*
Author to whom correspondence should be addressed; E-Mail: lilian.calderon-garciduenas@umontana.edu; Tel.: +1-406-243-4785.
Received: 5 September 2013; in revised form: 8 November 2013 / Accepted: 13 November 2013 /
Published: 28 November 2013

Abstract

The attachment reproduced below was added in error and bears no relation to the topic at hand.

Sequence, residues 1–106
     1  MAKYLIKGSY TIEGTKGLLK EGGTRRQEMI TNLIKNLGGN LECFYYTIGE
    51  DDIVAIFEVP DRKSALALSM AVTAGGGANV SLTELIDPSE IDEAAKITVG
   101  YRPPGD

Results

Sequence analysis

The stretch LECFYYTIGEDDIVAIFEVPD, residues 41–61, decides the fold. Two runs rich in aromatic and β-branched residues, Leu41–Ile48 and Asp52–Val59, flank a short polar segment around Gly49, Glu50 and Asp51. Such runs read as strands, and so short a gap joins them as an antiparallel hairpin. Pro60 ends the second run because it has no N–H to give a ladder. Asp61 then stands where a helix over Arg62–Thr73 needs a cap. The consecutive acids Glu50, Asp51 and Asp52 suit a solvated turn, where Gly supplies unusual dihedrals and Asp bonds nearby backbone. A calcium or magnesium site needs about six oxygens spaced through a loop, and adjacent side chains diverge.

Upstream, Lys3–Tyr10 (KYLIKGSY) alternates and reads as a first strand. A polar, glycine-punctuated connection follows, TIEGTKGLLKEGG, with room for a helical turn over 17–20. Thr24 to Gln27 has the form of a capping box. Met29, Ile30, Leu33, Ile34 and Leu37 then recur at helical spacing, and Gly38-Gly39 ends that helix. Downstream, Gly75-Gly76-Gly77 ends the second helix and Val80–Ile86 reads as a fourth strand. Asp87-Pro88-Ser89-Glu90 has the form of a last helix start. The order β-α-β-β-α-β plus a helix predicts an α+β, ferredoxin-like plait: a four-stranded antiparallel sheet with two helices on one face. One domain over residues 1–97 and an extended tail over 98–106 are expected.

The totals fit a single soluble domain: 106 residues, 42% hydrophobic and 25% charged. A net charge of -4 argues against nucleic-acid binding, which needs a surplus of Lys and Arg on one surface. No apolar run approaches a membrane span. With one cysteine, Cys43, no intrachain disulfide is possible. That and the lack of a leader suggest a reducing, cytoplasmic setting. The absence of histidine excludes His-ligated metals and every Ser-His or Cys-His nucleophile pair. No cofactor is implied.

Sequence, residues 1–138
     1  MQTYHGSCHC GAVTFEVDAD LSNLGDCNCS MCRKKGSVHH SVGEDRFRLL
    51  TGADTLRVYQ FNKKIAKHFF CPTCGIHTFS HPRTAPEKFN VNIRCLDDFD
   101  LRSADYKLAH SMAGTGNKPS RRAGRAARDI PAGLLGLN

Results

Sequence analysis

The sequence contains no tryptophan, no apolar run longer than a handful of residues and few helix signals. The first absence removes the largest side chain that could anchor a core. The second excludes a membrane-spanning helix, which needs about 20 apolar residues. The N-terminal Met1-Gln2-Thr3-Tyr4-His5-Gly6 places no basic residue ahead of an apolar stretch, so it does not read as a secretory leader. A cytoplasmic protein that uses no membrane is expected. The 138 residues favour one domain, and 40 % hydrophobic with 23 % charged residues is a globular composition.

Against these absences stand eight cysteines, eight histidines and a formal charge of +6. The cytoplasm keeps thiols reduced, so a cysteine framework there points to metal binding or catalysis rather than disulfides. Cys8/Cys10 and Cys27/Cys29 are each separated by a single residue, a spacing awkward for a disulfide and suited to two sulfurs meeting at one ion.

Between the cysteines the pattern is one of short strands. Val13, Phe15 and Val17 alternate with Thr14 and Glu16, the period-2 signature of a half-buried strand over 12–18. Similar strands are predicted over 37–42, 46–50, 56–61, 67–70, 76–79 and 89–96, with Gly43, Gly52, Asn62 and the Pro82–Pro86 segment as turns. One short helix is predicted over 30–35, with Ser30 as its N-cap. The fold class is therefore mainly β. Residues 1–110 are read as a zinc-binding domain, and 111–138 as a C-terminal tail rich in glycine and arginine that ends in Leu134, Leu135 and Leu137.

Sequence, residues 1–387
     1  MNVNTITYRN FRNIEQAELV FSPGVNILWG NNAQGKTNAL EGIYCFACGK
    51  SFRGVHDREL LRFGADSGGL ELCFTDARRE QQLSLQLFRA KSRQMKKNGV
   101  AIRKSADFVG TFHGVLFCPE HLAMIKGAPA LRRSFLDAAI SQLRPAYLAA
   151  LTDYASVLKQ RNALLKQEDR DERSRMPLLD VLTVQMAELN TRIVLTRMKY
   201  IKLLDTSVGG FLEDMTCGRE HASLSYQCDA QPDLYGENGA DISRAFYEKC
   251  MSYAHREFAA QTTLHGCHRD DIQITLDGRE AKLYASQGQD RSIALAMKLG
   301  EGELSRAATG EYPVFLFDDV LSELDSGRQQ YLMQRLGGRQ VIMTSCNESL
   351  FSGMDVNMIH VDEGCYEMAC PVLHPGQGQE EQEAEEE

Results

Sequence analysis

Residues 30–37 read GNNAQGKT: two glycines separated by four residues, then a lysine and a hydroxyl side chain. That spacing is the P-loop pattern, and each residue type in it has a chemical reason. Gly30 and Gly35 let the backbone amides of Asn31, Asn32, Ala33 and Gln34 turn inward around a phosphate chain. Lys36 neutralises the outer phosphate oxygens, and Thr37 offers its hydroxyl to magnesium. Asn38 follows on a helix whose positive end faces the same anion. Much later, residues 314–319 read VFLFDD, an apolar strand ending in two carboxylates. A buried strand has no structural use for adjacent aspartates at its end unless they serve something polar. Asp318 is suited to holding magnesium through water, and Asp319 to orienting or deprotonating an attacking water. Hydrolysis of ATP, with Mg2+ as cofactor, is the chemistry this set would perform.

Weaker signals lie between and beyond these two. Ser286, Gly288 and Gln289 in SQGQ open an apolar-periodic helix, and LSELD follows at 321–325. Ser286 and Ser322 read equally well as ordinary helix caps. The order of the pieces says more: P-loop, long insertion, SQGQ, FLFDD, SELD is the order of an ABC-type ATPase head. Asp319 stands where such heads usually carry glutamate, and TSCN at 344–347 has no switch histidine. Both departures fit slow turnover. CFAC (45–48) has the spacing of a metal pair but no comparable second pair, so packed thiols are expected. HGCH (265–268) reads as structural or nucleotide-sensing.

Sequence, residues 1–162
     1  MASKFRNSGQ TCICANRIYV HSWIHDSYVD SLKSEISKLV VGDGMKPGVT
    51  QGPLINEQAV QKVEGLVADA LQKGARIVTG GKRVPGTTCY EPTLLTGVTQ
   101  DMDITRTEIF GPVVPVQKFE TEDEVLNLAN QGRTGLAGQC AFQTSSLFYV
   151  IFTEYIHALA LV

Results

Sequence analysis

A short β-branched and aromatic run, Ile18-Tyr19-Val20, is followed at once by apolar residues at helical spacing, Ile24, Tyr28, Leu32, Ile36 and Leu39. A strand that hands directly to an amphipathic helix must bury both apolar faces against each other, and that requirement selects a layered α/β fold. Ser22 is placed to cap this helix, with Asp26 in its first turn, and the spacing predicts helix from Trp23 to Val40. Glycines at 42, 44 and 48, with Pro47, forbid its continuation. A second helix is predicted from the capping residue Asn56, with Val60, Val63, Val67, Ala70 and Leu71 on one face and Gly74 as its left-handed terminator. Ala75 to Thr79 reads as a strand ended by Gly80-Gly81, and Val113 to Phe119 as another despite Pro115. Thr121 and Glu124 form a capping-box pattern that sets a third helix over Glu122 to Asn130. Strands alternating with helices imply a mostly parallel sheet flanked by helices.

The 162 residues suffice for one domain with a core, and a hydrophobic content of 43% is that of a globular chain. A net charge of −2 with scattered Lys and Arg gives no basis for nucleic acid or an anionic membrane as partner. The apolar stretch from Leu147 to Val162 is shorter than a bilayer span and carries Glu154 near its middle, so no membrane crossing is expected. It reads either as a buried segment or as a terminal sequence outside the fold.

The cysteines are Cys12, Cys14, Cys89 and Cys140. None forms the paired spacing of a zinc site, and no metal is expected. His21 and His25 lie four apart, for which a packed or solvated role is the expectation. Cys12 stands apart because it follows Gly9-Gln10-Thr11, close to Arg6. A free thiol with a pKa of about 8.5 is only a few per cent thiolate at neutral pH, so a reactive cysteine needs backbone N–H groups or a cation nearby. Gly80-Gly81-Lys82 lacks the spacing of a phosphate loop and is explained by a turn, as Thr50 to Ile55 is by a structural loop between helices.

: Mexico City Metropolitan Area children and young adults exposed to high concentrations of air pollutants including fine and ultrafine particulate matter (PM) vs. clean air controls, exhibit myocardial inflammation and inflammasome activation with a differential right and left ventricular expression of key inflammatory genes and inflammasomes. We investigated the mRNA expression levels of the prion protein gene PRNP, which plays an important role in the protection against oxidative stress and metal toxicity, and the glucose regulated protein 78, a key protein in endoplasmic reticulum (ER) stress signaling, in ventricular autopsy samples from 30 children and young adults age 19.97 ± 6.8 years with a lifetime of low (n:4) vs. high (n:26) air pollution exposures. Light microscopy and transmission electron microscopy studies were carried out in human ventricles, and electron microscopy studies were also done in 5 young, highly exposed Mexico City dogs. There was significant left ventricular PRNP and bi-ventricular GRP78 mRNA up-regulation in Mexico City young urbanites vs. controls. PRNP up-regulation in the left ventricle was significantly different from the right, p < 0.0001, and there was a strong left ventricular PRNP and GRP78 correlation (p = 0.0005). Marked abnormalities in capillary endothelial cells, numerous nanosized particles in myocardial ER and in abnormal mitochondria characterized the highly exposed ventricles. Early and sustained cardiac ER stress could result in detrimental irreversible consequences in urban children, and while highly complex systems maintain myocardial homeostasis, failure to compensate for chronic myocardial inflammation, oxidative and ER stress, and particles damaging myocardial organelles may prime the development of pathophysiological cardiovascular states in young urbanites. Nanosized PM could play a key cardiac myocyte toxicity role.